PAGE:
By Sam Cage
BUCHAREST (Reuters) - The winner of Romania's election urged his arch rival President Traian Basescu on Wednesday to acknowledge his victory and reappoint him prime minister to stop the country plunging back into political turmoil.
Victor Ponta's leftist Social Liberal Union (USL) won two-thirds of the seats in Sunday's vote but is locked in a power struggle with Basescu, an outspoken former sea captain who has said he would never again appoint the 40-year-old lawyer.
Any impasse in forming the next government could leave Romania, clawing its way out of a deep recession, rudderless for weeks and delay talks for a new International Monetary Fund bailout once a 5 billion euro deal expires early next year.
The USL tried to impeach conservative Basecu in July, accusing him of overstepping his powers, drawing stern criticism from the European Union for undermining the rule of law and leaving the two men at daggers drawn.
The standoff has raised questions over policy and the leu currency is only about 2 percent off its record low against the euro, while borrowing costs have edged higher over the past month.
"I expect President Basescu to respect the constitution and the will of the Romanians," Ponta told Reuters in written answers to questions. "If he chooses a different path, he threatens Romania with instability in a very delicate moment."
The Balkan country joined the EU in 2007 but remains its second-poorest member due to widespread corruption, a sprawling and inefficient state sector and outdated infrastructure.
Before the election, Ponta was already Romania's third premier this year. Street protests against austerity and corruption in a country where 3 percent of people live on less than $40 a day helped to topple his predecessors.
While the rightist Basescu had softened his language on Ponta slightly, he has made no clear comment on who he may appoint. Analysts say he could try to argue that the USL is an alliance rather an a single party and pick someone else from the grouping in an attempt to split it.
Ponta said the USL alliance of leftists, liberals and conservatives was "united, lucid and cohesive" despite its different ideologies and would focus on a new IMF deal.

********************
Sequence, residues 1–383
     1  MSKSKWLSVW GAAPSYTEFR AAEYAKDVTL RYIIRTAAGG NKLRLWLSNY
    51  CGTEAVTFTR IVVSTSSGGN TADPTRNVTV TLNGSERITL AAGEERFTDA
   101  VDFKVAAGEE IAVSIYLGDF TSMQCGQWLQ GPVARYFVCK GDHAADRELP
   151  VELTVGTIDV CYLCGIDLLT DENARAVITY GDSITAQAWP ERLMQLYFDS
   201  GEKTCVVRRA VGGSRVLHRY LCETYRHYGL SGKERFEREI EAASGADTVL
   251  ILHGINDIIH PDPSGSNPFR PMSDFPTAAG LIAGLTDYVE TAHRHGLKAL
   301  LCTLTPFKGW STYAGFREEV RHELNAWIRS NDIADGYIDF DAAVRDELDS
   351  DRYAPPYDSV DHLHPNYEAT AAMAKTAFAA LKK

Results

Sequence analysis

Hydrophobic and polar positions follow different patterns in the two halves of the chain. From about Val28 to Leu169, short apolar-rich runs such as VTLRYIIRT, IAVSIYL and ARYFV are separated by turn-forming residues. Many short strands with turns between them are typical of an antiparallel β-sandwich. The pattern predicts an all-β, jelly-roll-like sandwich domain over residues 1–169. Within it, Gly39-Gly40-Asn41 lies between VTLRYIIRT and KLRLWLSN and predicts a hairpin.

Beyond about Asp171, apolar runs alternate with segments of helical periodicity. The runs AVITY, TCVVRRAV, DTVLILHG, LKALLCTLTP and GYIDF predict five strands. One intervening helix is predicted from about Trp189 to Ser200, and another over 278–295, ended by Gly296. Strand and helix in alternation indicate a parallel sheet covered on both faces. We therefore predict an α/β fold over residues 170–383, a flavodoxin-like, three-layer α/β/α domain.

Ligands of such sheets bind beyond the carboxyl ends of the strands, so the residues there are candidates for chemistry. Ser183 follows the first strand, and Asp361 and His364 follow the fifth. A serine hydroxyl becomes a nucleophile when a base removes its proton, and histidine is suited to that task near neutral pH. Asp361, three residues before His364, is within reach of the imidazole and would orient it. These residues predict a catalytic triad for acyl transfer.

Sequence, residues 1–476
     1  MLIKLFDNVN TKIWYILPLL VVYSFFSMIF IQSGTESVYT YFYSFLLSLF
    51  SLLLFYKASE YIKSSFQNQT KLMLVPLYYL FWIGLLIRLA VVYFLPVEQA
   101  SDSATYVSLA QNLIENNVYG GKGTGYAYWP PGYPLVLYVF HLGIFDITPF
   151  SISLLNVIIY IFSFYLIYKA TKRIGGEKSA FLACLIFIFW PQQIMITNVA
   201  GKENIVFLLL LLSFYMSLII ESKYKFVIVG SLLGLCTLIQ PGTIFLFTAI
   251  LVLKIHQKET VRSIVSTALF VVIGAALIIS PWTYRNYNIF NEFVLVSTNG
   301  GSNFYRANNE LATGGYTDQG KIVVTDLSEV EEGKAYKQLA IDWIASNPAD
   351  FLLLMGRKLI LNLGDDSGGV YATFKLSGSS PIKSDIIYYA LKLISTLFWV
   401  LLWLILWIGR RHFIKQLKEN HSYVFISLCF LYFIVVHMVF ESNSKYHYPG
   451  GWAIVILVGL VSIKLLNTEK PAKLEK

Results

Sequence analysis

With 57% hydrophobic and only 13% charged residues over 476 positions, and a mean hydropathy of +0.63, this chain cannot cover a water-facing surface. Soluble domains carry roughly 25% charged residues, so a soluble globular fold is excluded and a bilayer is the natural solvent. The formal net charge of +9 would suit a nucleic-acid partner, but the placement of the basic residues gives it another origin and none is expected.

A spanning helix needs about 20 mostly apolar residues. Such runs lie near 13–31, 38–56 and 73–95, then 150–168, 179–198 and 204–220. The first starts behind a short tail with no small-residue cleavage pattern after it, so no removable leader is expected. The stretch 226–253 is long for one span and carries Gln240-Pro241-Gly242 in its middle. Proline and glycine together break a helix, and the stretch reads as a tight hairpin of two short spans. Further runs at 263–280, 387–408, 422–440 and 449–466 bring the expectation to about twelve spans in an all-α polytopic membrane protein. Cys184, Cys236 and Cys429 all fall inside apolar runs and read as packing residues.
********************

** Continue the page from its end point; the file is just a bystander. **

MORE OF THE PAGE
Basescu's spokesman said the president would follow the constitution in appointing the next premier and called on all lawmakers to stop trying to pressure him. Basescu will hold talks with parties over the next few days before making a nomination.
Given Sunday's emphatic win, it would be difficult for him to name anyone other than Ponta without appearing to undermine the constitution and rule of law himself, which could prompt the USL to try to impeach the president again.
Under Romanian law, Ponta's current government remains in power until the new cabinet is approved by parliament. Two failed attempts to form a government within 60 days of the first nomination automatically trigger early polls.
Romania sought IMF help in 2009 after its economy crashed and while it is now on more solid ground, the deal is important reassurance for investors. The budget gap will drop below 3 percent of gross domestic product this year but the IMF has criticized it for failing to push through long-term reforms such as privatizations and using European funds.
"We have respected and we will continue to respect our international agreements. I expect a very constructive discussion with the IMF," Ponta said.
Ponta said governments run by Basescu's Democrat Liberal (PDL) allies, who were in power until an April parliamentary confidence vote, had a "brutal effect" on society with austerity measures including salary cuts and raising sales tax.
Analysts expect the economy to grow only 0.4 percent this year but the prime minister pledged to maintain fiscal stability and said pre-election promises to cut taxes would be implemented responsibly over its four-year mandate.
"PDL's government had a brutal effect on society, especially as there were no impact assessments before any major decision, and that is not responsible government in my view," he said.
"We have ambitious goals, but they are based on accurate estimates and well-measured prognoses."
(Editing by Alison Williams)